The chapter on Contexts explains how this feature can be used for dividing the site into sections. Contexts can be used to manage separate domains, allowing multiple websites to be managed from one MODx installation. They are also used to provide virtual subdomains or subdirectories for easy management of multi-language sites. Again, plenty of screen shots and examples open up the possibilities of using Contexts. Some of the limitations and pitfalls of using Contexts are explained and resolved.
Since this is not exactly a beginner's tutorial on OOP, the section begins with a brief overview of what OOP is, with some useful links to OOP and OOP in PHP tutorial sites. Then it continues by describing the fully object-oriented MODx Revolution API and the basic $modx object. MODx, like most CMS applications, relies heavily on the database, so there is an emphasis on understanding the database access methods and how MODx stores and caches data. Using the API simplifies just about every facet of MODx development, and the explanations and examples here make this a good reference to keep close at hand.
The foundation of MODx Revolution, the xPDO ORB/ORM object library, is extensively discussed. Coding best-practices are discussed. Real-world, complete, functioning and useful examples abound.
The section ends with how to install and use third-party add-on packages, and how to create your own packages.
Everything from MODx Revolution terminology through system settings and how the MODx parser works, ending with an interesting set of "rules", shared nuggets of hard-won programmer philosophy, make the Appendix another useful resource.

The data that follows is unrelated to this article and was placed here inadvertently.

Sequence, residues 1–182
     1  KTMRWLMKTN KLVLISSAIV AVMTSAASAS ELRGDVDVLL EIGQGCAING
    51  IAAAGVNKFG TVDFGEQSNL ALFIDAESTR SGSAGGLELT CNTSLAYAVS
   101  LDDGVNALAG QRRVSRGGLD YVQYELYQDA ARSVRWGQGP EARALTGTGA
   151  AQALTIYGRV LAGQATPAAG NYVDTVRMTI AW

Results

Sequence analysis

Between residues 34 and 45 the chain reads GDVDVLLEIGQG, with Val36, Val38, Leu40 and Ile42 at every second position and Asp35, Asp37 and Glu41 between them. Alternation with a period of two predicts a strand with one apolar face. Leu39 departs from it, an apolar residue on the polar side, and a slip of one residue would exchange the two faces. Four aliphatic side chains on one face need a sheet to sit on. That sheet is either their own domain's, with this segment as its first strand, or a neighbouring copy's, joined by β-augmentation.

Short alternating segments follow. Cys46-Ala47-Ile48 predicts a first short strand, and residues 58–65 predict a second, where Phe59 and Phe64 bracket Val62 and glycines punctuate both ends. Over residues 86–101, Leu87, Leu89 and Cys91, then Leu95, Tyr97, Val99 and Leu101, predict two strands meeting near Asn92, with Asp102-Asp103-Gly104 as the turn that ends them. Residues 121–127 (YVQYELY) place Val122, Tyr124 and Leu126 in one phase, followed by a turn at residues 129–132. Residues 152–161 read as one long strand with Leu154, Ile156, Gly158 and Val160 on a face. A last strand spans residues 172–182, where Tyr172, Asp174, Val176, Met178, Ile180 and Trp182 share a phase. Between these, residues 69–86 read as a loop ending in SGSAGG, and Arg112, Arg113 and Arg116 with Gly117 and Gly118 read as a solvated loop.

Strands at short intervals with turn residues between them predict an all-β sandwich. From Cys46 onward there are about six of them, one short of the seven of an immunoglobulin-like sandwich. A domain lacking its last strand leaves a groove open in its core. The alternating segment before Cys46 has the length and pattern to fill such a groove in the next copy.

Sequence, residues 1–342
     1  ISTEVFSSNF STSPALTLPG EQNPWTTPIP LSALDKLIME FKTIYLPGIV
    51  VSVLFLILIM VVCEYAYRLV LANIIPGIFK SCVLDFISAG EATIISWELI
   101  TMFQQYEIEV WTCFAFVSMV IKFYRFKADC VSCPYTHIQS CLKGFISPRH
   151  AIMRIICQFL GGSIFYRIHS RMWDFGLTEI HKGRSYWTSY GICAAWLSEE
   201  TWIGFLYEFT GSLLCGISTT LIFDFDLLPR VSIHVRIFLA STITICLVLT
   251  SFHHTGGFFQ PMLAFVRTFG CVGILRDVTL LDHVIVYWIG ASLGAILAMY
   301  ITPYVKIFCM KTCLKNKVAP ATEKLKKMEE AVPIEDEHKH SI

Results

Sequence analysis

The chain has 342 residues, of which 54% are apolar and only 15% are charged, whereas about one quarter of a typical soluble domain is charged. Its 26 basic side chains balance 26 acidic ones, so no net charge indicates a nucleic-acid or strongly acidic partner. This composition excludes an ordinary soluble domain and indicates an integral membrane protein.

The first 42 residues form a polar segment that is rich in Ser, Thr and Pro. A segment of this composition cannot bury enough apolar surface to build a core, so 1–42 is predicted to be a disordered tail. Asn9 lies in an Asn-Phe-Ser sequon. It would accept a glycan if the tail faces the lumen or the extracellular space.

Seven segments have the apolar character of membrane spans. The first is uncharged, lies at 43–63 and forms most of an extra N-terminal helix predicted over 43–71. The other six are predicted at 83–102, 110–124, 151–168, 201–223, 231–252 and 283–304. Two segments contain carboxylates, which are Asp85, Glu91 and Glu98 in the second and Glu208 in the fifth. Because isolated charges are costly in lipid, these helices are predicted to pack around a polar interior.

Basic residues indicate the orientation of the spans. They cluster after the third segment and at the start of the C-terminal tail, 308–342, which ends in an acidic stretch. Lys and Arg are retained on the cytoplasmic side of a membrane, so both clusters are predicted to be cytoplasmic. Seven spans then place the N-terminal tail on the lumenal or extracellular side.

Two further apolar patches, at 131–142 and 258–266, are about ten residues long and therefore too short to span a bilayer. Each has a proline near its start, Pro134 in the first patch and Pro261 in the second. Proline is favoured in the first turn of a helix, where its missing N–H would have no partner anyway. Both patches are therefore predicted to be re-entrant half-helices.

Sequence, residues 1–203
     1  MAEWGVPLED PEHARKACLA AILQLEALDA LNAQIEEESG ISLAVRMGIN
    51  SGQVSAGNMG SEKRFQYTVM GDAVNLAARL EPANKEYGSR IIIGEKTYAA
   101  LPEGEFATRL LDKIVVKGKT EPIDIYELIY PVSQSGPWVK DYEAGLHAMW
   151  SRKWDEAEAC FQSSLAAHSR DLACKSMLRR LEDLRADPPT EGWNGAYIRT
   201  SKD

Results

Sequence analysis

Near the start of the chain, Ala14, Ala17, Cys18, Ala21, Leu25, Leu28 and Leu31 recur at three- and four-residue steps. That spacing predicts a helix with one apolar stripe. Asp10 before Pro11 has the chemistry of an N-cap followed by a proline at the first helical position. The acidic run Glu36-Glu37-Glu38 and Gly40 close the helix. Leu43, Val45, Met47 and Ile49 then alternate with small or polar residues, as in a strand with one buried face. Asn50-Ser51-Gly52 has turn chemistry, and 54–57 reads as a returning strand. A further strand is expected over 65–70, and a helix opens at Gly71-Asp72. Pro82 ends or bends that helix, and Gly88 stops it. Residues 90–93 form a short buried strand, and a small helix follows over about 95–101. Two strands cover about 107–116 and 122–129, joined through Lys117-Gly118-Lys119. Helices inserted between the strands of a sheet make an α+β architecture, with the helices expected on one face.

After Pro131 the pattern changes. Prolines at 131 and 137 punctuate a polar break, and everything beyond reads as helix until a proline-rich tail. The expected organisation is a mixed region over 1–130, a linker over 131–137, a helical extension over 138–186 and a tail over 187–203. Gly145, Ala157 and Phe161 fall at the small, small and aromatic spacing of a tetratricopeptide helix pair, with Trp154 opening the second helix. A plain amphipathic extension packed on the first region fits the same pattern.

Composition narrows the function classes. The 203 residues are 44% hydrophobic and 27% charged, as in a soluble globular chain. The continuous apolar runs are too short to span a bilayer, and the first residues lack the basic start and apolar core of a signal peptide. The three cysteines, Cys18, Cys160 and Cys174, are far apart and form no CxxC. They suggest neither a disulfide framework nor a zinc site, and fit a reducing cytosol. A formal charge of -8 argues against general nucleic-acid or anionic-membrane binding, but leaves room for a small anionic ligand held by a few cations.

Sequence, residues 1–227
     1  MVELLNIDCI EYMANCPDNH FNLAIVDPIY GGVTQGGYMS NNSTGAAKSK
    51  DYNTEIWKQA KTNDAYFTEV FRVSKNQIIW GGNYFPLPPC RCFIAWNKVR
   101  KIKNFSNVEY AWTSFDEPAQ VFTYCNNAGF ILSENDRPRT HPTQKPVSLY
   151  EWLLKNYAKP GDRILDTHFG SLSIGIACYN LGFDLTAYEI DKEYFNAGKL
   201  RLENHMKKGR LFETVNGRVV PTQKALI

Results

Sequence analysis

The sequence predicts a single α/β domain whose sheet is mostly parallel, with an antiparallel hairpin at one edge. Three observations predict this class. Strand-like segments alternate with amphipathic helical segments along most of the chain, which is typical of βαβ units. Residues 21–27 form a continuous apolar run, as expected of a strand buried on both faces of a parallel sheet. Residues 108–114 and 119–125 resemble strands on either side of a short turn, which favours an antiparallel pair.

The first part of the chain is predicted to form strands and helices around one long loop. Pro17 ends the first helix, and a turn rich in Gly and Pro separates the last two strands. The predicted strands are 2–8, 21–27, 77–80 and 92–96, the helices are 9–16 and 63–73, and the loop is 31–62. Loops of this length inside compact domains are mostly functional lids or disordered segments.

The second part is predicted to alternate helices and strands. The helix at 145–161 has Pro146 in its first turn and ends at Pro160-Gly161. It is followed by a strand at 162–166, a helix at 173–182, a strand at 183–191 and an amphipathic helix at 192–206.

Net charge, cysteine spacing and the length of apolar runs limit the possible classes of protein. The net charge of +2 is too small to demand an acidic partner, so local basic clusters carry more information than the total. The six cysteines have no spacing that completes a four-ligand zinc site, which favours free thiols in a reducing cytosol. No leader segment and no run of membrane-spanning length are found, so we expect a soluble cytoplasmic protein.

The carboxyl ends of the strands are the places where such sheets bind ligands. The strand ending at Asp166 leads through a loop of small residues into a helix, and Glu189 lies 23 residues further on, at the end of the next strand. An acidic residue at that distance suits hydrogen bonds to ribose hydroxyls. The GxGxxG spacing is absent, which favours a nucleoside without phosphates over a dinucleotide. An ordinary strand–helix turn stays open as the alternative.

The book is clearly based on a deep understanding and love of programming, web development, and of MODx Revolution itself. One thing I especially appreciated about the layout of the book is the extra large font used for the code examples. It does't make for a pretty layout, but it's a great improvement in usablity over the usual prettier blocks of small, often hard-to-read text. This is even more significant when considering that Shawn is the founder and CEO of Sanity/Sanity Press. While typos and grammatical errors are common, this was understandably explained by the need to get such a book published and available before the fast movement of the web development world in general and MODx in particular make it at least partially obsolete. A year later, it's still covering material well within the leading edge of MODx Revolution functionality. The occasional personal ramblings actually give us an insight into Shawn's programming philosophy, and make the whole book seem more like a personal message, almost a conversation, than a cold presentation of facts. Overall, this is an excellent book, I very much enjoy it, use it, and recommend it.
The book can be purchased from Sanity Press and Amazon. A Kindle version is in process."